Jeb Bush is trying to turn on a ten-centavos coin. Well, let’s say he’s turning on a dime.
But on Monday, he suddenly announced that he likes Americans’ evolved common culture and wants a common language, presumably English.
Blame Donald Trump for the campaign-trail conversion — GOP voters are showing their preference for a pro-American alternative to the Bush family’s long-standing patronage of incoming Hispanic migrants and their pro-government culture.
“We should not have a multicultural society,” Bush said during an impromptu conversation in Iowa with a young woman who helps settle government-funded refugees and migrants from Burma, Congo, and Latin America settle in the American state.
The way to aid assimilation, Bush said, is better education and the ability to speak English.
“English. Being able to speak English, a common language is important. We need to get back to that,” he said.
Score another win for Trump, who has relentlessly needled Bush’s fondness for Spanish speeches and Latino culture.
Bush’s sudden embrace of a common culture and language is a sharp break from his family’s history over the last several decades.
His brother, George W. Bush, supported a 2007 amnesty bill that would have further weakened America’s culture by effectively opening the borders for at least one year.
Jeb Bush supported President Barack Obama’s 2013 immigration bill, which would have boosted immigration up to 33 million people in one decade. If it had not been stopped by the GOP’s base and by House Speaker John Boehner, it would have transformed the country into a low-wage marketplace by importing three migrants for every four American 18-year-olds.
The Obama bill — which was partly drafted by GOP 2016 candidate Sen. Marco Rubio — would also have allowed the president to import huge blocs of foreign migrants via a revamped refugee law.
Obama has long made it clear he wishes to drown Americans’ anti-government culture in a wave of new government-dependent, unassimilated migrants.
Since 2011, for example, he’s quietly allowed at least 240,000 low-skill migrants from Central Americans to settle in America’s towns and cities. He has also imported more than 250,000 Muslims each year. His November 2014 effort to amnesty 5 million illegal migrants was more dramatic, but has been blocked by Texas courts.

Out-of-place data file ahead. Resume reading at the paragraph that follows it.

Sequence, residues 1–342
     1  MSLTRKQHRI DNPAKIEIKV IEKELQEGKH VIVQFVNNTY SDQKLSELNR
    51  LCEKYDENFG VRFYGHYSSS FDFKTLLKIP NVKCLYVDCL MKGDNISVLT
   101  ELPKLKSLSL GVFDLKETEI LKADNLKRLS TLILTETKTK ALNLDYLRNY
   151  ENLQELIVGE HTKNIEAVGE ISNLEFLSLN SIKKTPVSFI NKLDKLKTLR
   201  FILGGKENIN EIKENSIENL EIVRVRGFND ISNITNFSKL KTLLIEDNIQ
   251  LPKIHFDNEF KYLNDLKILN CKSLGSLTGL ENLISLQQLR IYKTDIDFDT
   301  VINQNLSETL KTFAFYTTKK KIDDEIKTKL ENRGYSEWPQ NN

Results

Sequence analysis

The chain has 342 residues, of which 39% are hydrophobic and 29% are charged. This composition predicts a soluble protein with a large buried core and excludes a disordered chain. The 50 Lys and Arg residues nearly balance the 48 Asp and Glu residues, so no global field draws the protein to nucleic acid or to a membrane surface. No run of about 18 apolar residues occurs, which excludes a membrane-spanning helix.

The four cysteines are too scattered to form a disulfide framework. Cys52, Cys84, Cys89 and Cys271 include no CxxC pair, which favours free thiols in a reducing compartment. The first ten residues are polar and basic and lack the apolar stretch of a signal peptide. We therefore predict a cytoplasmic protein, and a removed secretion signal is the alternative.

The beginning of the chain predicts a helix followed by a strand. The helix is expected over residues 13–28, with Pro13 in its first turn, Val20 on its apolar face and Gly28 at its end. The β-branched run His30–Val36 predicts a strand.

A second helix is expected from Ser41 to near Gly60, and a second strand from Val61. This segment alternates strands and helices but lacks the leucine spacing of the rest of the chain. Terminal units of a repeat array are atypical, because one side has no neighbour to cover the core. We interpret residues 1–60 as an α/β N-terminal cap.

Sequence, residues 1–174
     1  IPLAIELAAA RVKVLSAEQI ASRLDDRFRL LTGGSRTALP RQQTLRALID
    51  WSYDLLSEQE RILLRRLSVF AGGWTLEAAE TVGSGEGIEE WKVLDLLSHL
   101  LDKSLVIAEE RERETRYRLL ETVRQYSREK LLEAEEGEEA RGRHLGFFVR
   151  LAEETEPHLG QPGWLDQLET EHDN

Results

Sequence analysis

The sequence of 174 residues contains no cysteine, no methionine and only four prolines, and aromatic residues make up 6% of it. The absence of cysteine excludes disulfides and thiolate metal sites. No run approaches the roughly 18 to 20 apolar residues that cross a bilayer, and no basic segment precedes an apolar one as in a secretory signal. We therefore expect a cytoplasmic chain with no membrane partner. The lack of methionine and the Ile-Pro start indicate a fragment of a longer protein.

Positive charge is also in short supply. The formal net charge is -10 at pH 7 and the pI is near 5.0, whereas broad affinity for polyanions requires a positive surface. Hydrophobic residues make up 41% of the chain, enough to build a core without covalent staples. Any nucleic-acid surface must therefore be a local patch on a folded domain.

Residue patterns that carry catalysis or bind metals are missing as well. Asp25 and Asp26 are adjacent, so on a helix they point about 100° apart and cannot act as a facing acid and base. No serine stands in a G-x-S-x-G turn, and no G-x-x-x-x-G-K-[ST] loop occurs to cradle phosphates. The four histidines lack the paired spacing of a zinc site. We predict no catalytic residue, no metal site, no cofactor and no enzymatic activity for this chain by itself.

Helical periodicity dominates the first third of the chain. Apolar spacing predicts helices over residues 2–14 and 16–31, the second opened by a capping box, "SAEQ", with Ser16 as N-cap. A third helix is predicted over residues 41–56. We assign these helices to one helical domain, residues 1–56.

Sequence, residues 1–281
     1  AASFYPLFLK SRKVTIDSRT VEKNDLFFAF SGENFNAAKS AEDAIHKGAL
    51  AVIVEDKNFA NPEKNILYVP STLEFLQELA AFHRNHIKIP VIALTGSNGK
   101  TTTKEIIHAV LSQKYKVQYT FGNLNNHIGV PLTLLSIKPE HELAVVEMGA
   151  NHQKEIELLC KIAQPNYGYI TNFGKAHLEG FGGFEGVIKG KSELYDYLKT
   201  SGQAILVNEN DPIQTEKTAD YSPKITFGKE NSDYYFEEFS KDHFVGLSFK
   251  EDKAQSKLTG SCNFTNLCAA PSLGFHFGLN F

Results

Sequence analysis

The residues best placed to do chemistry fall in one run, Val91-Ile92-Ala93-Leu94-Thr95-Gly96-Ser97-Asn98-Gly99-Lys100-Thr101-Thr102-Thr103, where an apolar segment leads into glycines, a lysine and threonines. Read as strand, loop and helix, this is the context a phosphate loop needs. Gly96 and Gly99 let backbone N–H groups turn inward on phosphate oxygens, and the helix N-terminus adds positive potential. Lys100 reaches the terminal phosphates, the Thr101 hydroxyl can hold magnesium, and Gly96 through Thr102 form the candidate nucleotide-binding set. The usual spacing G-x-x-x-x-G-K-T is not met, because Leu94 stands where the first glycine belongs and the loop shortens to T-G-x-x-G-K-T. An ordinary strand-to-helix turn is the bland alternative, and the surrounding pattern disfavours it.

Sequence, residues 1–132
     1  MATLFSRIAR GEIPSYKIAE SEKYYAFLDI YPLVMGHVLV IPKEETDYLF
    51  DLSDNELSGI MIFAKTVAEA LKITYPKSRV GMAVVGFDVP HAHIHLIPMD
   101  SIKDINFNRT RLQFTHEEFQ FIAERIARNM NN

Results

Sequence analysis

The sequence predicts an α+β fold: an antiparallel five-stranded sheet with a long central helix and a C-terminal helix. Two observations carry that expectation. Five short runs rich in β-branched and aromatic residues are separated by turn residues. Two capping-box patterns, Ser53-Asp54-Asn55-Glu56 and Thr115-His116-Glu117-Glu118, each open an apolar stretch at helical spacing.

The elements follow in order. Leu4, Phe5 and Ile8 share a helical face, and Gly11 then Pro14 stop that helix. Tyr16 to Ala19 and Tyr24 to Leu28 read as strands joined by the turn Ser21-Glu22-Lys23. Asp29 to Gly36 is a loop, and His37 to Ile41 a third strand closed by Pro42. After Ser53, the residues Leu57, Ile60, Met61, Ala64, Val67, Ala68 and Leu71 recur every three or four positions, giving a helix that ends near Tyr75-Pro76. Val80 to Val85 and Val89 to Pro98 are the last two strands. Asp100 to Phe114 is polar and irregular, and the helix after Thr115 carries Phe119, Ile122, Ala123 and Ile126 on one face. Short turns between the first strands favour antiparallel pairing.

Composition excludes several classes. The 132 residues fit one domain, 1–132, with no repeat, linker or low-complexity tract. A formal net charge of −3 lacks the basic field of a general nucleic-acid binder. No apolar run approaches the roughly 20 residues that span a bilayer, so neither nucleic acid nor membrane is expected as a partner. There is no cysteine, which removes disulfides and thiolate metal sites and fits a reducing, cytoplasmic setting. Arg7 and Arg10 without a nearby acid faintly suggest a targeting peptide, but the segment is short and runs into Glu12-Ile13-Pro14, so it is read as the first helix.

Unsurprisingly, immigration-boosting bills are very unpopular with voters — and are very strongly supported by Jeb’s business allies. That’s because Wall Street’s investors see their stock prices rise amid the annual flood of cheap labor and the additional spending allowed by taxpayer aid to poor migrants.
Despite Bush’s clumsy embrace of his fellow Americans’ own culture, the old Bush-style pro-migrant attitude revealed itself when Jeb quickly promised federal funding for settling foreign migrants in America.
The federal government now imports 70,000 refugees per year, from such culturally alien places as Burma, Yemen, Syria, Somalia and the Congo. Some of the Burmese and Congo migrants are now being settled in Iowa.
Obama wants to push that inflow up to 100,000 refugees per year.
Federal contractors settle the migrants in local communities, leaving the locals to pay for the huge long-term financial and social costs of educating and aiding multiple generations of migrants from failed, pre-modern cultures. The problem is often worsened by many migrants’ inability or refusal to assimilate into American’s free-wheeling, individualistic, sink-or-swim culture.
“The federal government allows refugees in,” Bush told the young woman. “They have to settle in their [unassimilated] community, and they cost more on a short-term basis for sure, [and the cost] should be borne by the federal government,” he said.
Bush’s comment — that migrants “cost more on a short-term basis” — reflects his statistically weak claim that most migrants will reach average levels of productivity amid the rapid growth of high-tech automation.
Bush’s impromptu and heartfelt support for more refugees, however, clashes with his new campaign-trail support for a common culture.
“We’re creeping towards multiculturalism, and that’s the wrong approach,,” Bush said in front of watching TV cameras. “When you create pockets of isolation, and in some cases, the assimilation process has been retarded because it has slowed down. It is wrong. It limits people’s aspirations,” said Bush.
But Bush’s real sympathies were revealed when the woman said she’s also settling Latino “refugees.”
That’s when Bush corrected her, unsmiling, saying “Not refugees among Latinos.”
Bush’s wife was born in Mexico, and she is the emotional source of Bush’s emotional advocacy for additional mass migration of Latinos into Americans culture. Migrants who cross illegally into the U.S, Bush said in April 2014, are performing an “act of love” for their foreign families in their homeland.
His emotional support for foreign migrants is very unpopular among Americans who prefer presidents that admire acts of love for actual Americans.
Through the conversation with the Iowa advocate, three Iowa voters stared stone-faced at Bush. Maybe Trump’s advance team can recruit them to sit on his bleachers during his next appearance in Iowa.